Translation is not a service per se, even though parts of the production process can be offered as standalone services. Typical services are intangible and insubstantial, can be (re)sold or owned by somebody, but cannot be turned over from the service provider to the service consumer. Services are also perishable and inseparable from provider. A translation is a product. Even though, just like services, each translation is unique and one-time generated. It can be one-time rendered and consumed, and can never be exactly repeated because circumstances and conditions are always different, even when the same service consumer requests the same service and location, and configurations and assigned resources are the same.
This is so vastly acknowledged that, in issue 6 (02/2013) of Languages and Translation, the EU DGT magazine, Professor Philipp Koehn, writes: “Translation is unpredictable. If you give a text in a foreign language to a group of translators, you can be sure that each will come up with a different translation. That is true even if the text consists only of a single sentence with a few words.”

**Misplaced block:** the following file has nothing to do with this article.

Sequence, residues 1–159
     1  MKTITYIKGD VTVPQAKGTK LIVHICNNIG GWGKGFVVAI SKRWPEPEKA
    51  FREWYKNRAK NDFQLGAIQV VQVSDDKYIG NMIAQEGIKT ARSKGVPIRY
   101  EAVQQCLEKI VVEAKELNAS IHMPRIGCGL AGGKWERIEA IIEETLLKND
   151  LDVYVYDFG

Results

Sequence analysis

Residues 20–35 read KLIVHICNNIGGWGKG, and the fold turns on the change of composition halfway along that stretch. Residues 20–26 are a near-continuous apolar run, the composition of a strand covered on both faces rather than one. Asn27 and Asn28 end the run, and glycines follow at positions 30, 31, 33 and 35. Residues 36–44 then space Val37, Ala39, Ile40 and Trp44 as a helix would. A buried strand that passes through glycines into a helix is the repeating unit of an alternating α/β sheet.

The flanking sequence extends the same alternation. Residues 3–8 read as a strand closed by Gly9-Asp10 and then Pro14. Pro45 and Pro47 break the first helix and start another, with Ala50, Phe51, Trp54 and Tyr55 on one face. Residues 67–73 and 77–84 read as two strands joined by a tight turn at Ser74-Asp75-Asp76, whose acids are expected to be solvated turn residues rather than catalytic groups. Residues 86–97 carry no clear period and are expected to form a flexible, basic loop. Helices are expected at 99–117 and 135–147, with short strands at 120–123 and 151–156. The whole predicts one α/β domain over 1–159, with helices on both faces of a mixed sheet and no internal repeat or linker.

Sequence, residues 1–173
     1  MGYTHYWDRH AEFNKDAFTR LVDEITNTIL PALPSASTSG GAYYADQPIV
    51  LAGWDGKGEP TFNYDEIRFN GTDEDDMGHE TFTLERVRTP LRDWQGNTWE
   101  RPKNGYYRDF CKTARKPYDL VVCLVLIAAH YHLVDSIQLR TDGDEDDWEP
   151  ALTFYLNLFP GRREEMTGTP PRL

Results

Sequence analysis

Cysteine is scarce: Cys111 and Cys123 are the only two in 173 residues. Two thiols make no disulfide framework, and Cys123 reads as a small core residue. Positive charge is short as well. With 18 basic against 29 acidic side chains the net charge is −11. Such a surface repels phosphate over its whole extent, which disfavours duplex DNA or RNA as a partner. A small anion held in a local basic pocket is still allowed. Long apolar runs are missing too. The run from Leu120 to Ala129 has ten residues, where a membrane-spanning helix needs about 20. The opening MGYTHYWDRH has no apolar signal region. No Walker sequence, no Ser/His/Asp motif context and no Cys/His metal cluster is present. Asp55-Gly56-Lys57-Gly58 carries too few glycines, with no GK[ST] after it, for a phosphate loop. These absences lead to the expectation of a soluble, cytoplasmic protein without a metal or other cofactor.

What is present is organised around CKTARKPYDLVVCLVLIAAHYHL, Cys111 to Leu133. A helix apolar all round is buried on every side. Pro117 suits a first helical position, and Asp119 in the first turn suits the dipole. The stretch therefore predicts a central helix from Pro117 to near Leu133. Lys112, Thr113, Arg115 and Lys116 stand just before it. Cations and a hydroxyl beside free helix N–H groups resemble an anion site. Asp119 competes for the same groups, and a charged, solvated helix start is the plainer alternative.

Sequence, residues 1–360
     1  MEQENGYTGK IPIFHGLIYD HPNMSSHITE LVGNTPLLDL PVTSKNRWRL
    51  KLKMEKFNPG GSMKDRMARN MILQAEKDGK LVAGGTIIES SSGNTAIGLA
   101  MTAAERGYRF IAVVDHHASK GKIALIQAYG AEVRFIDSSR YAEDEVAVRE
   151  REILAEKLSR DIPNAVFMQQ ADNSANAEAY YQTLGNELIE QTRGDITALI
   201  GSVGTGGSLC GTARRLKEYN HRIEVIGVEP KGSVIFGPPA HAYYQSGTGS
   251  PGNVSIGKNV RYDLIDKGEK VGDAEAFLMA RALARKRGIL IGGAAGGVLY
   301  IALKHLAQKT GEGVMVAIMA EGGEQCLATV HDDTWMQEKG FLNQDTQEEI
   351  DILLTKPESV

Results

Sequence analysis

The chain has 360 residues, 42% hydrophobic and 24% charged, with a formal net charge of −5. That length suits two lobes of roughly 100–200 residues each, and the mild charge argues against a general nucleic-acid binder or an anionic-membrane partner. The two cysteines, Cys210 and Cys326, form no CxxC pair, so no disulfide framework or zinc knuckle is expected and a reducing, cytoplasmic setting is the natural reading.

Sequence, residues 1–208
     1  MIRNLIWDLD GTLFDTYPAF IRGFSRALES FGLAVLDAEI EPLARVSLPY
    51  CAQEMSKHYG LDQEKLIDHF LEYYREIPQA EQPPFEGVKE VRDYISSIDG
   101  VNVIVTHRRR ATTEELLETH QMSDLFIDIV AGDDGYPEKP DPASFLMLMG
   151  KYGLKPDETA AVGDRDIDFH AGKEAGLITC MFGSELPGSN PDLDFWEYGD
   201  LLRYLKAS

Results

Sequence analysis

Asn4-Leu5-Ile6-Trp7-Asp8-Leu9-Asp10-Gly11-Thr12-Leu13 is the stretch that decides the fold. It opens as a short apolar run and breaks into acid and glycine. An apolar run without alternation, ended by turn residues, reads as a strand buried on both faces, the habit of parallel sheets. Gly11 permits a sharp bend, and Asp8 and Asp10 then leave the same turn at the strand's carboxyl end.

This uniqueness is where the confusion product vs. service stems from, and is a major impediment in translation quality assessment, starting with the fact that contrastive analysis is still the preferred (and possibly the only) way to perform it, requiring a substantial knowledge of the language pair in a translation.
Machine translation can reduce these traits of uniqueness and unpredictability of translation, thus being the very first step towards an industrial approach to translation.
And yet, even professor Koehn warns that “the costly task of producing translations that are of publishable quality still requires professional human translators for the foreseeable future.”
But what does “publishable quality” mean? Publishing is up to the customer, it is in his prerogatives. Then, again, quality is what the customers define as such.
Quality Is a Given
What makes a translator different from another? Definitely not “quality” or something like that, at least in the broad sense translators usually accord to the term. It is the customer’s choice. It does not depend on the intrinsic features of a product, but on the extent to which the product meets the initial requirements.
Therefore, quality does not sell in translation: it is a prerequisite for existence on market, it is a given.
This is no news: Renato Beninatto has been saying the same for years, at least since 2007, and anyway long before Marcela Reyes, the last in time. Even though a traditional approach can be typically found among language professionals, having been educated as linguists or translators, it is quite familiar also to LSPs.
Not surprisingly, quality is the unique selling proposition of the entire translation industry helping make this a market for lemon, in a lose-lose situation. Quality as a signal is useless and pushes customers towards price as the main (when not the only) differentiator.